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Little Skillet Opens: Overeaters Anonymous On Call

My former co-worker, Melissa, had the theory that one must eat salad for lunch (i.e. slightly starve yourself) or risk falling asleep at work. For those with any kind of work ethic, she has a point. Which means I was just thinking it was a good thing I didn't get the "angel biscuits" with sausage gravy, because my entire body is has just slid into a post-feast slump—payback for consuming one piece of fried chicken, some pulled pork po'boy, cucumber salad, cole slaw and a bit of waffle, plus some pecan pie, from Farmer Brown's new SoMa-Southern, takeout-window offshoot, Little Skillet. All before 1:30 pm. I'm finding writing difficult about now. I think my eyes are crossed.

When I showed up to L.S., it was a scene of SFness: Blue skies and Ritch Street, lined with cool old brick warehouses, full of lunchers on their break eating from take-out boxes on the loading docks of CarbonFlow. (How do takeout boxes affect carbon emissions? I wonder.)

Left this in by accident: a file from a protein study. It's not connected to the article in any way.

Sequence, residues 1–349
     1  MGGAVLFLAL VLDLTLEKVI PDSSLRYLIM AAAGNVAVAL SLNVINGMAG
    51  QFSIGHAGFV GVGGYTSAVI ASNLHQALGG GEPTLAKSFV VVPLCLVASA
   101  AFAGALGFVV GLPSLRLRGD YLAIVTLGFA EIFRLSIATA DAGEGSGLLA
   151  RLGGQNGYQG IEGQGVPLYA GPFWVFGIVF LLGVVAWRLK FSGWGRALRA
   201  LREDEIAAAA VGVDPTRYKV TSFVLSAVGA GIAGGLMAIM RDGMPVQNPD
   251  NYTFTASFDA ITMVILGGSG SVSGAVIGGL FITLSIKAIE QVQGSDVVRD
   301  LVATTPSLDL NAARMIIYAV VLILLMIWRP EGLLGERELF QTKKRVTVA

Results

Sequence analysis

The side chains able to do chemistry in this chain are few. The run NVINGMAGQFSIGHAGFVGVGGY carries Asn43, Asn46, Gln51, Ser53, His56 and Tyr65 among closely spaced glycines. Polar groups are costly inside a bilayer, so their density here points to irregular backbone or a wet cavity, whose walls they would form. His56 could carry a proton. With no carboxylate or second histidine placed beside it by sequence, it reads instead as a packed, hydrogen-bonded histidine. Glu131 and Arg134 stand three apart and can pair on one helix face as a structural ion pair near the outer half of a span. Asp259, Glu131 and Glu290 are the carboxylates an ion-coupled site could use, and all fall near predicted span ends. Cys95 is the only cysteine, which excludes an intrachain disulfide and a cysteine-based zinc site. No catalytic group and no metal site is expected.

Luckily my job isn't to worry about greenhouse gasses; it's to tell you where to eat next. The Little Skillet verdict? Worth every bit of a not-even-coffee-can-cure-it coma because the food coming out of the little window at Little Skillet is really delicious. (Still, if you should feel the need for an espresso to go with your pecan pie or red velvet cupcake, there's Cento right next door, selling Blue Bottle.) The chicken was crispy and well seasoned and even better with a drizzle of the maple syrup that comes with the Belgian-style waffle; the pulled pork po'boy was more of a (like dripping down your arm) Sloppy Joe; the cucumbers were bright and punchy with slivers of fresh fennel and chilies; the coleslaw was crunchy and creamy and unfussy; and the pecan pie tartlet was done with a perfect pitch. L.S.'s also has very reasonable prices, which shows some Southern hospitality.

Between Little Skillet, Kitchenette and Farm:Table, I've experienced the rare culinary hat trick. Three in a row—all winners. I'm starting to think small is beautiful. It keeps folks from trying too hard—often the demise of so much potential. There's only room to do so much in these tiny spaces. Thank you, Recession.